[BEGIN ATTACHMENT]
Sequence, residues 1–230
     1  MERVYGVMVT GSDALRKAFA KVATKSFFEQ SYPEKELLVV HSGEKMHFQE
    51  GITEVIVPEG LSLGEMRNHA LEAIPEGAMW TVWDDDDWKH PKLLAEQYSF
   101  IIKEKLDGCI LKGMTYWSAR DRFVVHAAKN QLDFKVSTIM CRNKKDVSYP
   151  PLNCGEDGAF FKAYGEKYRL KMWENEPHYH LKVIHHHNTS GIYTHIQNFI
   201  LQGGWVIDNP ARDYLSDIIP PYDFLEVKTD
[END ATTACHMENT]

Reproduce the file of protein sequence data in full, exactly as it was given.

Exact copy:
Sequence, residues 1–230
     1  MERVYGVMVT GSDALRKAFA KVATKSFFEQ SYPEKELLVV HSGEKMHFQE
    51  GITEVIVPEG LSLGEMRNHA LEAIPEGAMW TVWDDDDWKH PKLLAEQYSF
   101  IIKEKLDGCI LKGMTYWSAR DRFVVHAAKN QLDFKVSTIM CRNKKDVSYP
   151  PLNCGEDGAF FKAYGEKYRL KMWENEPHYH LKVIHHHNTS GIYTHIQNFI
   201  LQGGWVIDNP ARDYLSDIIP PYDFLEVKTD